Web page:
By Nelson Schneider - 08/21/11 at 04:07 PM CT
Any hobby that has been around as long as videogaming has is bound to accumulate a layer of jargon. Jargon is useful, as it allows the initiated to express complex concepts in few words. However, in my many travels across the vast intellectual wasteland of Internet gaming forums, I have come across several terms that grate on me with their utter lack of meaning.
I see this term bandied-around constantly about whatever newest, most over-hyped release is just around the corner. WTF does this even mean?! AAA… like the United States’ credit rating? Oh, nope, not anymore! Most of the time, games designated as ‘AAA’ are those with massive budgets for ‘realistic’ graphics and enough marketing to tell everyone in the developed world just how realistic those graphics are. Really, ‘AAA’ seems to be synonymous with the ‘summer blockbusters’ of the movie world, in that they’re all hype, no substance, have huge budgets, make a lot of money, and are forgotten in a week.
I first saw this term used in the pages of EGM Magazine, before they folded and re-opened under new management. It was used as a pejorative, which completely took me aback, as prior to that instance, EGM had always been a friend of the RPG. Suddenly ‘Japanese Role Playing Games’ needed to be segregated from the rest… but the rest of what, really?
The usage of this term has spread to the point of an epidemic, which is unfortunate, as the hostility most gamers are directing toward ‘JRPGs’ should actually be directed at the whiny, androgynous anti-heroes that have recently permeated Japanese games across all genres. There’s enough controversy here to fill another entire article.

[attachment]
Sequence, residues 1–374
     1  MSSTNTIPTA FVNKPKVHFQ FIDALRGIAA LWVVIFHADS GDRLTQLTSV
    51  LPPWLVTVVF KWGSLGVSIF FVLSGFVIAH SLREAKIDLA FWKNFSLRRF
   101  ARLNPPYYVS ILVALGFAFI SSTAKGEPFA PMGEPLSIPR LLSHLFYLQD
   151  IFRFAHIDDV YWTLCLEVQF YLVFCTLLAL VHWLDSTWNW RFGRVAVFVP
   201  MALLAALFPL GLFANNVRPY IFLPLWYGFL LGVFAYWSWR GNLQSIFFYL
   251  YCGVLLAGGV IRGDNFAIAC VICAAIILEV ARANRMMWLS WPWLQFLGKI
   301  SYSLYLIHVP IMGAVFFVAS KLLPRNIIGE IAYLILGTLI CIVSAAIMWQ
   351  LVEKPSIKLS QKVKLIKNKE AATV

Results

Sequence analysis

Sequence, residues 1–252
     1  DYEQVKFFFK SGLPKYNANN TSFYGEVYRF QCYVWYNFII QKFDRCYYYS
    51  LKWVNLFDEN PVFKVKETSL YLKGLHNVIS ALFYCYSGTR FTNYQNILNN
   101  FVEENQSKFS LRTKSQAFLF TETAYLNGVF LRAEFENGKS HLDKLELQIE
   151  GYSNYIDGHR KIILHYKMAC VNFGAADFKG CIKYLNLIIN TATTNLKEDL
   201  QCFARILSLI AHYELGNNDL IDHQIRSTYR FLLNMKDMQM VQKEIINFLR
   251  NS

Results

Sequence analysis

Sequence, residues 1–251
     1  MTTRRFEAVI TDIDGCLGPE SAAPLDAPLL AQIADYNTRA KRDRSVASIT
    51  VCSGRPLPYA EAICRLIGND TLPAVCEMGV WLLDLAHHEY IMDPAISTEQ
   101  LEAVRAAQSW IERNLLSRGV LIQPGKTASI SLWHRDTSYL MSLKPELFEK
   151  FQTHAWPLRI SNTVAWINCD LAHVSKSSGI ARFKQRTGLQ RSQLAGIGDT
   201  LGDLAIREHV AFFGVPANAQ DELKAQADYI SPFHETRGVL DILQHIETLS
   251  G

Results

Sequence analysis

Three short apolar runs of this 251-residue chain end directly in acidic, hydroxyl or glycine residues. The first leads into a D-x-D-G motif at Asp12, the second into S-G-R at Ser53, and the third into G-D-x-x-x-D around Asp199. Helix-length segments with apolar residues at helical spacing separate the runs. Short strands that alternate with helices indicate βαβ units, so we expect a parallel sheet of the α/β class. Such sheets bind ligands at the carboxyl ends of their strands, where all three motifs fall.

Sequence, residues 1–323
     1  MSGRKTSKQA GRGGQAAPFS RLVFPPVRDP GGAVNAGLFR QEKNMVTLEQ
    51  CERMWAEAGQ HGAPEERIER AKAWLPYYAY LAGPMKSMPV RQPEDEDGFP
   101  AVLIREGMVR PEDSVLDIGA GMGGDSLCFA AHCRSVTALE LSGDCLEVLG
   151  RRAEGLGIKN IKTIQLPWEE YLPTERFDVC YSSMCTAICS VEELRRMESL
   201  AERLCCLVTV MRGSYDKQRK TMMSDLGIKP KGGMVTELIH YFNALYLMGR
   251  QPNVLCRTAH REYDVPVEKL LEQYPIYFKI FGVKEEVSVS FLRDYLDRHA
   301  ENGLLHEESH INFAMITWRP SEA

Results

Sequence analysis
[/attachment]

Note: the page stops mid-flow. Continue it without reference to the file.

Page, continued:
This is an old favorite that has been around for three hardware generations now. It all started with the battle between the PS1 and N64. Specifically, “Resident Evil” brought in a new audience who were only interested in seeing blood and guts. Any game without blood and guts was deemed ‘Kiddy,’ while the games with blood and guts were dubbed ‘Mature’ and suitable for play by the emerging Mainstream gaming audience of Big Boys. While ‘Kiddy’ has fallen out of favor (usually ‘Casual’ is used to replace it in a terribly false equivalency), ‘Mature’ still remains, and is the only suitable rating for the Mainstream who have now co-opted the title of Hardcore. They dismiss anything with an ‘Everyone’ or ‘Teen’ rating.
The sad thing is, there is nothing truly mature about the most popular ‘Mature’ games (though there are exceptions). There are no deep, thought-provoking plots, no religious themes, no shades of morality. It’s simply a few buckets of blood, the occasional pair of tits, and some garden-variety morality decisions with painfully black/white consequences. Of course, these taboos in American society attract those who aren’t yet old enough to deal with true maturity on a daily basis, and the ESRB rating system just feeds their desire further. Hence I have taken to calling these games Rated ‘M’ for Juvenile.
I can’t count the number of young gamers I see spouting-off about how they get such a great feeling of accomplishment from finishing a tedious game like “Demon’s Souls.”
Consuming media makes you feel like you’ve accomplished something? Do you get the same feeling of accomplishment when you watch a terrible movie or read a long, boring tome? Media is created to be entertaining or thought-provoking. It is an accomplishment for the creator. I don’t care if you’ve finished the 100 hardest games ever coded, unless you also write 1000-word reviews of those games, analyzing their gameplay mechanics in detail, you haven’t really accomplished anything. Get over yourself.